Bundeswehr General Carsten Breuer has warned of possible attacks on Germany's critical infrastructure. "Every substation, every power plant, every pipeline" could be attacked and be a possible target, the commander of the Bundeswehr's new territorial command told Bild am Sonntag. The SPD objected to this assessment of the situation.
The Bundeswehr leadership is therefore "primarily preparing for hybrid threats." In particular, the general counted "influence operations, with attacks on infrastructure and with cyber attacks, or, for example, reconnaissance flights with drones over barracks".
He said the security authorities must prepare for this threat situation. "Germany must keep an eye and an ear with its security authorities on what possible attacks are being planned against, what the most likely scenarios are," he said.
In light of the new threat situation, Breuer urged all Germans to change their behavior. The Russian war of aggression against Ukraine showed that war in Europe was possible again, he said. This has consequences for every citizen, he said.
"Everyone should realize that they should change their individual behavior." According to Breuer, this includes everything that strengthens "our resilience." That ranges from mental attitude to stockpiling supplies at home, he said. Specifically, the commander of the Bundeswehr command recommended buying a flashlight and enough batteries.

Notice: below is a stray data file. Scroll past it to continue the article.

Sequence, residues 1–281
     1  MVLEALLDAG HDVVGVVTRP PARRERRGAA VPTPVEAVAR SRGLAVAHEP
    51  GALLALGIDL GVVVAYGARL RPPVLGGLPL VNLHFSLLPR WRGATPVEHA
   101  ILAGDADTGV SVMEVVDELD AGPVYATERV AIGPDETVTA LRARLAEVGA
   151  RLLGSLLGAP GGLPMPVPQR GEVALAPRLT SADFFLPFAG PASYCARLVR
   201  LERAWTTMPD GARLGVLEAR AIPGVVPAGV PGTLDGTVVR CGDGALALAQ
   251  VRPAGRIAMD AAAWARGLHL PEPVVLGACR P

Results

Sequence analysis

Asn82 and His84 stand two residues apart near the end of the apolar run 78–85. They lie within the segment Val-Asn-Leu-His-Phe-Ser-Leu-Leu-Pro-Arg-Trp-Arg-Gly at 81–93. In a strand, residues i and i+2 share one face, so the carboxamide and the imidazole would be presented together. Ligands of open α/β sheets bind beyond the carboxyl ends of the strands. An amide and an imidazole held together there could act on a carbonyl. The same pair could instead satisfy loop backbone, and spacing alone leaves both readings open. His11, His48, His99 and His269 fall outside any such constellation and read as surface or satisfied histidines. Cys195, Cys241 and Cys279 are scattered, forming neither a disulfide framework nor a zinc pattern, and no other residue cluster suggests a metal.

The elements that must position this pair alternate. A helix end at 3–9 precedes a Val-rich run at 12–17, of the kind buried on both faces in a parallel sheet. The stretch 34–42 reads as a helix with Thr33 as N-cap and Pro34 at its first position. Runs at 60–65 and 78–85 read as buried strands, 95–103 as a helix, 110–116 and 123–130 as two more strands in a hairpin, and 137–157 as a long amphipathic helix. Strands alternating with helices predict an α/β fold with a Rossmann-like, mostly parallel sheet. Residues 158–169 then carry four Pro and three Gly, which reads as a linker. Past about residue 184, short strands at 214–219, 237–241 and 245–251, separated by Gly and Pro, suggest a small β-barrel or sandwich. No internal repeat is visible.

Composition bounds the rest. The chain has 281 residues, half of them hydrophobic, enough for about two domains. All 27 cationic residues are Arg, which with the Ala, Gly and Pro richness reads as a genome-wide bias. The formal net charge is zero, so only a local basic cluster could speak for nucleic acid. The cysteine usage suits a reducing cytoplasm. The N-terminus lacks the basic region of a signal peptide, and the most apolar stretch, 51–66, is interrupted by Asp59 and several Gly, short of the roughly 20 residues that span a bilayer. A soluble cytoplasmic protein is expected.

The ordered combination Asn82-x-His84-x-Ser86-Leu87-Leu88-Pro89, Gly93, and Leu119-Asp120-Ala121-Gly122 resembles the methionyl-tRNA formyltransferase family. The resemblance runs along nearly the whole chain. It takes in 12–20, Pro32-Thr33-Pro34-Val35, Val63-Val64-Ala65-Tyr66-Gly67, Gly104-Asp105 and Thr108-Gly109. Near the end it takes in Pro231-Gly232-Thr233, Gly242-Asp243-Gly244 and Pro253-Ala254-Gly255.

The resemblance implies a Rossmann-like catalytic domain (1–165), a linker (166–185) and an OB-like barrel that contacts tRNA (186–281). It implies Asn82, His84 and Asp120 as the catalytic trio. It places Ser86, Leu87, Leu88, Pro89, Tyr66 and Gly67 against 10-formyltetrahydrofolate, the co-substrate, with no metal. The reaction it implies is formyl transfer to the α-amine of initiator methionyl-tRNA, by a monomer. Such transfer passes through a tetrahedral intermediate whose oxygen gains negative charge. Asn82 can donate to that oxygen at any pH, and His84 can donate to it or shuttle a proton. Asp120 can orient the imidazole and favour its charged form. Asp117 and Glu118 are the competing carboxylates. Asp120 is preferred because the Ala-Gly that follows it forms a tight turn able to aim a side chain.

In an emergency, however, Germany can defend itself, Breuer continued. "Militarily, we have taken a step forward. In any case, we can do a great deal to counter the influence operations we are currently facing." At the same time, he warned against underestimating nuclear threats from Russia. "Our way of life, our values, our entire society" are under threat, he said.
"I do not share Carsten Breuer's analysis," said Dorothee Martin, transport policy spokeswoman for the SPD parliamentary group in the Bundestag, on the other hand. "Of course the situation is serious." She referred, for example, to the sabotage at Deutsche Bahn, which paralyzed train traffic in large parts of northern Germany on Saturday. "But this is no reason to panic, because of course we are in a state of peace in Germany."
Image by Pete Linforth